In Romney’s case, then, there’s a con­flict between Intrade’s group­think and the cur­rent polling num­bers. No doubt, it’s because we’ve seen some­thing that looks remark­ably sim­i­lar. More than once. It seems as if every Repub­li­can in the nation has had a moment of polling higher than Rom­ney, and yet the Mitt from Mass soome­how ended up on top every time. Intrade traders must feel Not­Mitt is the Boy Who Cried Wolf.

2. For­mer Sen­a­tor Rick San­to­rum (R-​​PA) (RCP 34% +16; In 16% +6; ARG-​​AZ 31%; MRG-​​MI 43%)

San­to­rum on Intrade, Feb 8 to Feb 15.

San­to­rum is surg­ing. His advan­tage as the race’s pre­em­i­nent NotRom­ney is appar­ently car­ry­ing him for­ward, and he almost dou­bled his RCP polling aver­age in just the last week. He was clearly helped by his tri­fecta in Col­orado, Mis­souri and Min­nesota. Or, those state’s results reflected his surge — it’s not clear which way the causal arrow points.

Regard­less, he’s cer­tainly the Not­Mitt of Feb­ru­ary. Nobody has yet been able to hold the Not­Mitt Man­tle for more than a month. Could San­to­rum finally break the trend? We’re a mere two weeks away from an answer.

3. For­mer House Speaker Newt Gin­grich (RCP 15% –8; In 4% +1; ARG-​​AZ 15%; MRG-​​MI 11%)

Gin­grich on Intrade, Feb 8 to Feb 15.

Gin­grich con­tin­ues to strug­gle in real-​​world polling. He dropped by a third in RCP polling aver­ages, and he’s barely reg­is­ter­ing above Ron Paul in Ari­zona and Michi­gan polls. The only bright spots are a con­tin­u­ing lead in Geor­gia polls, and a slight uptick in his Intrade numbers…but when you’re at three per­cent, four per­cent is an improvement.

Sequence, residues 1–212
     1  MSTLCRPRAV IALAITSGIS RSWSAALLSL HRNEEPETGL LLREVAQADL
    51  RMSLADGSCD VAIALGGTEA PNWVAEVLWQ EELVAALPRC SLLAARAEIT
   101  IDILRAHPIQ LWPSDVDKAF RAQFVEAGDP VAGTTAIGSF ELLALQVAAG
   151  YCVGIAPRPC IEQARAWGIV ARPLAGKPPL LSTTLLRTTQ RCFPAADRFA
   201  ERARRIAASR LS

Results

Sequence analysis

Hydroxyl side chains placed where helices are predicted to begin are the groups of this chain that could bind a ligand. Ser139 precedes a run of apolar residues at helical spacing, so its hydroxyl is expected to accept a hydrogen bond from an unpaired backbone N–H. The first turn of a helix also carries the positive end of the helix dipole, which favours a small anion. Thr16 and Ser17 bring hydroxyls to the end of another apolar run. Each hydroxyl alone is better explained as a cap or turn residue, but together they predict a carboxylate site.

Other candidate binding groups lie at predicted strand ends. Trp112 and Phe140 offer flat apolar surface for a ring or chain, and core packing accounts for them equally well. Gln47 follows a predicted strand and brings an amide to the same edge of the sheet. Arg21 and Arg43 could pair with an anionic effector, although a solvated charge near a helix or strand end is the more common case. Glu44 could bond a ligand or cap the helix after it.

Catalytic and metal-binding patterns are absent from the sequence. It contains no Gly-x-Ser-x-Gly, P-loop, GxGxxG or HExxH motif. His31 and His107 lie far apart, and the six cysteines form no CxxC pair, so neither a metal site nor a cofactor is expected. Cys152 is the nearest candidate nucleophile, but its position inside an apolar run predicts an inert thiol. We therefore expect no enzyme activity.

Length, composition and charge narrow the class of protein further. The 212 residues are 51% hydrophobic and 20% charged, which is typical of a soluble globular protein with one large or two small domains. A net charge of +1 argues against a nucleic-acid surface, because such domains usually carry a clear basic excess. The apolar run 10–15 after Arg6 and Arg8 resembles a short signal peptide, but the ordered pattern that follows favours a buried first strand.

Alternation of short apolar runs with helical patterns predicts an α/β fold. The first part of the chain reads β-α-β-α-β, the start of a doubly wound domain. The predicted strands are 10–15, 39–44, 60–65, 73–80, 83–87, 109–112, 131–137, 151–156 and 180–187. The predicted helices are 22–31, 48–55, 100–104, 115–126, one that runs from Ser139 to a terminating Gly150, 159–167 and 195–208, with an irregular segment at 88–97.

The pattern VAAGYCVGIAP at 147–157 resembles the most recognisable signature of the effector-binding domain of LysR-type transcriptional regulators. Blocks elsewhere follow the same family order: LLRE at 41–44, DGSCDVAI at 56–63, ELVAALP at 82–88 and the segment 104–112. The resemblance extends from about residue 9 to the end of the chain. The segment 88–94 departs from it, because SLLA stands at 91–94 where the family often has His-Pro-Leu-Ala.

4. Rep­re­sen­ta­tive Ron Paul (R-​​Lake Jack­son, TX) (RCP 12% –3; In 3% 0; ARG-​​AZ 11%; MRG-​​MI 8%)

Paul on Intrade, Feb 8 to Feb 15.

One thing you can say for Ron Paul: he’s con­sis­tent. He has a con­sis­tent, unyield­ing Lib­er­tar­ian mes­sage, and he con­sis­tently gets about ten per­cent in real-​​world polling and runs about two to three per­cent on Intrade. He saw a spike on Sat­ur­day when it looked like he was going to “win” the Maine cau­cuses. Then he didn’t, and dropped back to his Old Faith­ful three per­cent on Intrade.

5.  For­mer Florida Gov­er­nor Jeb Bush (RCP no data; In 2% +2%; no poll data)

Jeb Bush on Intrade, Feb 8 to Feb 15.

This week’s big sur­prise is Jeb Bush. Who bet­ter to inau­gu­rate the Not­NotRom­ney throne than a poten­tial Third Bush? It appears that Intraders think there’s at least a two per­cent chance that the Repub­li­can con­ven­tion will be bro­kered. Palin was quoted at this week’s Con­ser­v­a­tive Polit­i­cal Action Com­mit­tee meet­ing as saying:

I don’t think that it would be a neg­a­tive for the party, a bro­kered con­ven­tion. That’s part of the com­pe­ti­tion, that’s part of the process. And it may happen.

Which goes to show how lit­tle she knows about mod­ern politics…or else she’s a very skilled liar. You decide.